The Best Google Fonts for a Website
You can find and buy fonts from various designers online. Google Fonts is a library from the folks at Google that offers free web typography for all who need it.
Almost 1,000 font families are available at the time of this article, and that number always seems to grow. Each font family provides additional styles and sizes.
Before Google Fonts, you either had to buy fonts or stick with what was given to you in a design platform. Google Fonts offers quick implementation of the fonts and they’re free.
Why using the best Google Fonts matters
If you don’t work in website design, you might wonder why it matters whether you have an extensive library of fonts. As long as text gives readers the information they need, it does its job well, right? The graphics and layout make sites look appealing. Who cares about the text?
People make a lot of incorrect assumptions about fonts. Graphic designers probably recognize some of those mistaken assumptions in the above paragraph.
The biggest mistake is confusing text with fonts. The text gives readers direct information. Fonts use typography to guide the website visitor’s eye, emphasize certain pieces of information, and add to a website’s attractiveness.
So, what are the best Google Fonts to choose from?
Below, we’ll highlight favorite fonts based on the Google Fonts download analytics. Some personal preferences will be included, but overall, we want to make this as objective as possible.
Best Google Fonts:
Roboto is by far the most downloaded and installed Google Font. The reason for that is because it has a geometric, yet friendly, design to it. It creates a natural, smooth reading environment and provides the professionalism that most writing needs.
Merriweather is a serif font with the sole purpose of being easy to read on screens.
The Lobster font delivers a dynamic and display-friendly font with a unique focus on offering multiple variations of each letter. You don’t have to choose the variations. Rather, the best ones are selected based on the context of the surrounding letters.
4. Indie Flower
As the most popular handwriting font from Google, the Indie Flower option is bolder than other handwriting fonts, and it offers a carefree, smooth read.
A monospace font provides letters that all take up the same amount of horizontal space. In other words, the letters are the same width. Inconsolata, like other monospace fonts, provides a “coder” look. It reads well on the screen and is popular in the technology world.
6. Open Sans
Open Sans focuses on neutrality and friendliness, allowing for its use in almost any format, from print media to internet publications.
Using sans-serif and Alternative Gothic stylings, the Oswald font presents a reshaping of older fonts for the digital world.
Raleway has an elegant design, using a sans-serif structure with a thin weight.
Playfair Display features a modernized version of past fonts that mimicked the styling of ink pens.
This serif font includes brushed curves and contrasts to generate a memorable, artistic feel, best used for paragraphs.
Slabo is part of a collection of developed fonts made specifically for the internet, particularly online advertisements.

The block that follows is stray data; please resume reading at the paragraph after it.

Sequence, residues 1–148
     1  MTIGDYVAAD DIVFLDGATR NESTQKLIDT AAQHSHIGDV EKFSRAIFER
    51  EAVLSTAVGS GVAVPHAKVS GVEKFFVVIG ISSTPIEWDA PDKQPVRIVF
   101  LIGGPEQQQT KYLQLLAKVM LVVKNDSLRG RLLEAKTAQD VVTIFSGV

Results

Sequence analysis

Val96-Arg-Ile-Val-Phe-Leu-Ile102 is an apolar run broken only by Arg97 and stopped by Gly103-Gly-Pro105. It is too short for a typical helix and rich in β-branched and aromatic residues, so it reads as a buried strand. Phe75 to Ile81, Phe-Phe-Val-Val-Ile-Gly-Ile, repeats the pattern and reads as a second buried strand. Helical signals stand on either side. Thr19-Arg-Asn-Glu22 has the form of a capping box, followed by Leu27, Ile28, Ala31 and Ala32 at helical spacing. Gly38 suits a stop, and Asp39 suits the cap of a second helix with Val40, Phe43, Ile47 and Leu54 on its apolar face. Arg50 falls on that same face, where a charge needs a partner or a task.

Consider Nunito if you’re looking for a sans-serif font with rounded edges.
13. Titillium Web
Design students are tasked with creating new versions of Titillium Web every year. It’s part of a beautiful collection of web-ready fonts.
Both contemporary and versatile, the Mukta font is a rendition of classic Indian scripts made for the modern age of web publishing. We like it for creative works.
The Dosis font is a rounded sans-serif option that emotes a casual, contemporary feel.
Pulling from classic Arabic fonts, Amiri’s purpose is for books and longer paragraphs.
Anton is a sans-serif font that’s too bold for many uses, but it’s great for advertising.
18. Dancing Script
Try out Dancing Script for a spontaneous, bouncing look in online journals or blogs.
19. Exo 2
Exo 2 is a sans-serif that combines futuristic boldness and classic elegance.
Teko grabs attention when being utilized in both online and print headlines.
The best Google Fonts work well on mobile devices
- 81% of French adults own smartphones.
- 72% of adults in Spain have smartphones.
- 71% of Austrians own smartphones.
With so many people accessing the internet via smartphones, it makes sense for website developers to choose fonts that will look clear on small screens. The trend toward smartphone ownership will only continue. A lot of people still use desktop and laptop computers, but smartphones play an undeniable role in how people browse content, shop, and communicate.
Categories of Google Fonts to explore
Before you can distinguish the small differences between the best Google fonts, you need to learn the general categories that people use when identifying fonts.
Serif fonts have small lines at the bottom of letters. The lines often look like little feet. Brands that choose serif fonts often want to look luxurious and intelligent.
Popular serif fonts used by today’s website designers include:
If you’re not familiar with the latest typefaces, think of Times New Roman. It’s probably the most famous serif font used today.
Sans-serif fonts (often referred to simply as “sans”)
“Sans-serif” simply means “without serif.” These fonts don’t have the “feet.” Brands that use sans-serif fonts may want to create a modern, hip personality.
Popular sans-serif fonts include:
If you use word processing software, try Calibri to see a common sans-serif typeface.
Thank you For Reading.
Team The Webismart.